First Look at Nearby Sharing – Google’s AirDrop Clone for Android

First Look at Nearby Sharing – Google’s AirDrop Clone for Android

Apple’s AirDrop feature has become synonymous with ecosystem synergy, as it makes the task of transferring files across Apple devices a trivial affair, eliminating the need to rely on any third-party solutions. In this area, Android has lagged behind, because the open-source OS has had to rely on third-party solutions to accomplish the task of local file transfer. We did have Android Beam for several years, but the feature was underutilized and undermarketed, and eventually, deprecated. It is only now that some of the major players are waking up to build competing solutions — Xiaomi, OPPO, and Vivo have teamed up for a cross-device file transfer solution; Samsung is also working on its own solution in the form of Quick Share; and Google was also working on its own solution in the form of Fast Share, which recently got renamed to Nearby Sharing ahead of its impending release. XDA Recognized Developer Quinny899 notified us that he managed to activate Nearby Sharing on his device, allowing us to activate it ourselves and catch a glimpse of the feature in action before it gets officially unveiled by Google.

An APK teardown can often predict features that may arrive in a future update of an application, but it is possible that any of the features we mention here may not make it in a future release. This is because these features are currently unimplemented in the live build and may be pulled at any time by the developers in a future build.

In the video below, we test out wireless file transfer between a Google Pixel 2 XL and a Google Pixel 4, both running Android 10; but Quinny899 demonstrated it working between his Google Pixel 2 XL and his OnePlus 7T Pro. Thus, we believe this feature should be generally accessible for Android devices with Google Play Services pre-installed, though we can’t be absolutely sure until Google flips the switch and enables the feature for all users.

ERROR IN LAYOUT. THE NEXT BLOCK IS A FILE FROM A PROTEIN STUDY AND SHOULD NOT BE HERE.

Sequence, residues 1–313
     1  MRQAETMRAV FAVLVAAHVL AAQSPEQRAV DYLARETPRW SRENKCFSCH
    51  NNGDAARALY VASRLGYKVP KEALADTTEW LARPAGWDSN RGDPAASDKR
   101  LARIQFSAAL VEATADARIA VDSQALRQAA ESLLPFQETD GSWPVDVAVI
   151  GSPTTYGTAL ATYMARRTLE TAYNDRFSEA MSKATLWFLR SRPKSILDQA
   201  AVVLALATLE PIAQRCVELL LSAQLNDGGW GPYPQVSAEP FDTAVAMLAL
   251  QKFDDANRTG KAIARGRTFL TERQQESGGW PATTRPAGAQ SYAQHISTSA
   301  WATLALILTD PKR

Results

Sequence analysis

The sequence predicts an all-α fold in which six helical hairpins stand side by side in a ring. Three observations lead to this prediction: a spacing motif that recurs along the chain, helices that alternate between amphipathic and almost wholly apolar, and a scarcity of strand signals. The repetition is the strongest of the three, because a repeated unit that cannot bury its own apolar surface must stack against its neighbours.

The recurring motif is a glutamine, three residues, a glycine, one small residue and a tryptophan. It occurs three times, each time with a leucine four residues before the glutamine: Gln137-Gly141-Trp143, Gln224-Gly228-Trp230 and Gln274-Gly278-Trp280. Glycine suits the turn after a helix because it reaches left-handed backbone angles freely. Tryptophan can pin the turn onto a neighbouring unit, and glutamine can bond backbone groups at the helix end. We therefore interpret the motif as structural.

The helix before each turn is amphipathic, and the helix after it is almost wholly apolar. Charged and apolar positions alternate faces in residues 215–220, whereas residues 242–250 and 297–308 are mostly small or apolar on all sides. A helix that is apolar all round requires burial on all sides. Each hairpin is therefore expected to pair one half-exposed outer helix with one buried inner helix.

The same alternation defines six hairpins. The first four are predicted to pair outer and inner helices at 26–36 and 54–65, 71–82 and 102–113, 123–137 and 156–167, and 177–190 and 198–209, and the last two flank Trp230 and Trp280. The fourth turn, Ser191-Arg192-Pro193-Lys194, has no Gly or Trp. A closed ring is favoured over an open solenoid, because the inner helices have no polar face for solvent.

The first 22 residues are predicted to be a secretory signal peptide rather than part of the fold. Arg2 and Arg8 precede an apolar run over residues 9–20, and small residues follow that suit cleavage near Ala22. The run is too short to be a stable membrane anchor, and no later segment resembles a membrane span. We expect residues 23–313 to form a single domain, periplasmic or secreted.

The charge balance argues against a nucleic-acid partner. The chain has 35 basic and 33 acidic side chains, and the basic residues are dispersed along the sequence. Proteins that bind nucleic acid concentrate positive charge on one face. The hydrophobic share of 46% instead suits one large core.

I had the contact visibility set to “hidden” on my Pixel 2 XL, so every time I wanted to accept a file transfer request from my Pixel 4, I had to pull down the Quick Settings panel on my Pixel 2 XL and select the Nearby Sharing Quick Settings tile. I first transferred a single image from my Pixel 4 to my Pixel 2 XL and then opened it up in an image viewer. Then I transferred three images files from my Pixel 4 to my Pixel 2 XL — in this case, I wasn’t able to open them in an image viewer, but the files were all stored in /DCIM/Nearby Sharing which made them easily accessible. Finally, I transferred one video file over from the Pixel 4 to the Pixel 2 XL. All of the transfers happened pretty quickly because Nearby Sharing uses WiFi for file transferring.

There are still a few rough edges here and there that Google needs to smoothen before releasing Nearby Sharing for all GMS-enabled devices. But as we demonstrate above, the feature looks about ready for release. Android just might go from having no first-party AirDrop competitor to at least three AirDrop competitors in the next month. Google’s Nearby Sharing might turn out to be superior because of its universality across Android devices, as opposed to Samsung and OPPO-Vivo-Xiaomi’s solution, but the others could also give an edge to their services with tighter and more prominent integrations across the UX and their own apps. We’ll find out soon enough.


Thanks to PNF Software for providing us a license to use JEB Decompiler, a professional-grade reverse engineering tool for Android applications.

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